The Last Post Ceremony commemorating the service of (415135) Flight Sergeant Arthur William Howard Gliddon, No. 460 Squadron, Royal Australian Air Force, Second world War.

Places
Accession Number AWM2018.1.1.360
Collection type Film
Object type Last Post film
Physical description 16:9
Maker Australian War Memorial
Place made Australia: Australian Capital Territory, Canberra, Campbell
Date made 27 December 2018
Access Open
Conflict Second World War, 1939-1945
Copyright Item copyright: © Australian War Memorial
Creative Commons License This item is licensed under CC BY-NC
Copying Provisions Copy provided for personal non-commercial use
Description

The Last Post Ceremony is presented in the Commemorative area of the Australian War Memorial each day. The ceremony commemorates more than 102,000 Australians who have given their lives in war and other operations and whose names are recorded on the Roll of Honour. At each ceremony the story behind one of the names on the Roll of Honour is told. Hosted by Richard Cruise, the story for this day was on (415135) Flight Sergeant Arthur William Howard Gliddon, No. 460 Squadron, Royal Australian Air Force, Second world War.

Speech transcript

415135 Flight Sergeant Arthur William Howard Gliddon, No. 460 Squadron, Royal Australian Air Force
Killed in flying battle 30 July 1943
Story delivered 27 December 2018

Today we pay tribute to Flight Sergeant Arthur William Howard Gliddon.

Born in Northam, Western Australia, Arthur Gliddon – commonly known as “Bill” – was the son of May and Arthur Gliddon senior.

The family was living in the Perth suburb of Mount Hawthorn when Arthur Gliddon enlisted in the Royal Australian Air Force on 21 July 1941.

Gliddon began training as a wireless operator and air gunner. After his initial training, he embarked for overseas service.

As part of the Empire Air Training Scheme, he was one of almost 27,500 RAAF pilots, navigators, wireless operators, gunners, and engineers, who, throughout the course of the war, joined Royal Air Force squadrons or Australian squadrons based in Britain.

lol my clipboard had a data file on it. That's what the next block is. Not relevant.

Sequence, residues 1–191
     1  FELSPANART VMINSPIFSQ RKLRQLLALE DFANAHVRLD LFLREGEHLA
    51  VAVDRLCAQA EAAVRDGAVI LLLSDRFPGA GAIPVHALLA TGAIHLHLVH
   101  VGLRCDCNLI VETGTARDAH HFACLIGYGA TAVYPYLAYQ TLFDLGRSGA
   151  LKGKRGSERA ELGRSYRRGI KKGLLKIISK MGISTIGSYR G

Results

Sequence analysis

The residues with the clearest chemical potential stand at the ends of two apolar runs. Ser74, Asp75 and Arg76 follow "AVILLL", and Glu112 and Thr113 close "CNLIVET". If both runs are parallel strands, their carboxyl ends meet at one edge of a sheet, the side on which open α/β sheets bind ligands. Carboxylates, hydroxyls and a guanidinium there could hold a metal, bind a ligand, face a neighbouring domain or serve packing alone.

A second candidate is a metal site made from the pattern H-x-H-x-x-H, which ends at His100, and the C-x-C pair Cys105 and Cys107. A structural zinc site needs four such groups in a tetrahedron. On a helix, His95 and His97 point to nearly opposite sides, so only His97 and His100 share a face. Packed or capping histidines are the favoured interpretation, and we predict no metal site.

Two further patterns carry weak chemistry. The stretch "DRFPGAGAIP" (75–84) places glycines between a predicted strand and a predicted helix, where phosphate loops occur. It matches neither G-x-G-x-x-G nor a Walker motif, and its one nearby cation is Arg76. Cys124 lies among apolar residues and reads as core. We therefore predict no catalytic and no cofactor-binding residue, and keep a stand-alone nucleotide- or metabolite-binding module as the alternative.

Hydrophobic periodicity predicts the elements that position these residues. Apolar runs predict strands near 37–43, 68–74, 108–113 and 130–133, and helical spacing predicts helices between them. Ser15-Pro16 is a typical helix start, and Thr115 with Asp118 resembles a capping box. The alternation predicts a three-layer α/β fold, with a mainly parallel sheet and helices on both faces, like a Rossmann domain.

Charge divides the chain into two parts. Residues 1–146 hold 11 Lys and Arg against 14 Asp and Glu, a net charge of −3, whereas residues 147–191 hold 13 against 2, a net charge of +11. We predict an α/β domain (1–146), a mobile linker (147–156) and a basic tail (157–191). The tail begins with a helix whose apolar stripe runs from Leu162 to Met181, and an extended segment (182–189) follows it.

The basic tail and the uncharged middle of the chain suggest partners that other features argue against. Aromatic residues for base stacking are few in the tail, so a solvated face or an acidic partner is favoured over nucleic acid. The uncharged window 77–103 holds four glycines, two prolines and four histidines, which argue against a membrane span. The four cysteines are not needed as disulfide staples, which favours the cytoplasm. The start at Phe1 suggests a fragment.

Arriving in Britain, Gliddon underwent further specialist training, before he was posted to No. 460 Squadron, Royal Australian Air Force.

No. 460 Squadron would become the most highly decorated Australian squadron in Bomber Command, and the squadron that suffered the highest casualties. Flying twin-engined Vickers Wellingtons medium bombers and then four-engined Avro Lancaster heavy bombers, the squadron lost over 1,000 men: Australian, British, Canadians, New Zealanders and South Africans. Almost 600 Australians from 460 Squadron are listed here on the Roll of Honour.

During a bombing raid on Stettin, Germany, in April 1943, the Lancaster in which Gliddon was wireless operator and airgunner was repeatedly hit by fire from an armed ship while over the Baltic Sea. One engine was put out of action, the tail damaged, and a shell penetrated the bomb bay, exploding amongst the incendiaries. Despite the severe damage, the pilot and navigator managed to get the Lancaster back to England for a safe landing, after which the pilot collapsed at the controls. Remarkably, only the navigator, Gliddon’s close friend, Flying Officer Charles Anderson, was wounded, but he soon returned to duty with the rest of the crew.

On the night of 29/30 July 1943, Gliddon was far less lucky. On that night 24 Lancasters from No. 460 Squadron were taking part in large bombing raid. Part of the Battle of Hamburg, known as Operation Gomorrah, the raid was part of bombing offensive on the German city by the Royal Air Force and United States Army Air Force that had commenced on 24 July and lasted eight days and seven nights.

Shot down over Germany, the aircraft crashed in Hamburg, killing all aboard.

Arthur Gliddon was 26 years old.

With no known grave, Gliddon is commemorated upon the Air Forces Memorial overlooking the River Thames. The Runnymede memorial lists all the missing British and Commonwealth airmen.
His name is listed on the Roll of Honour on my left, among some 40,000 Australians who died while serving in the Second World War.

This is but one of the many stories of service and sacrifice told here at the Australian War Memorial. We now remember Flight Sergeant Arthur William Howard Gliddon, who gave his life for us, for our freedoms, and in the hope of a better world.

Lachlan Grant
Historian, Military History Section

  • Video of The Last Post Ceremony commemorating the service of (415135) Flight Sergeant Arthur William Howard Gliddon, No. 460 Squadron, Royal Australian Air Force, Second world War. (video)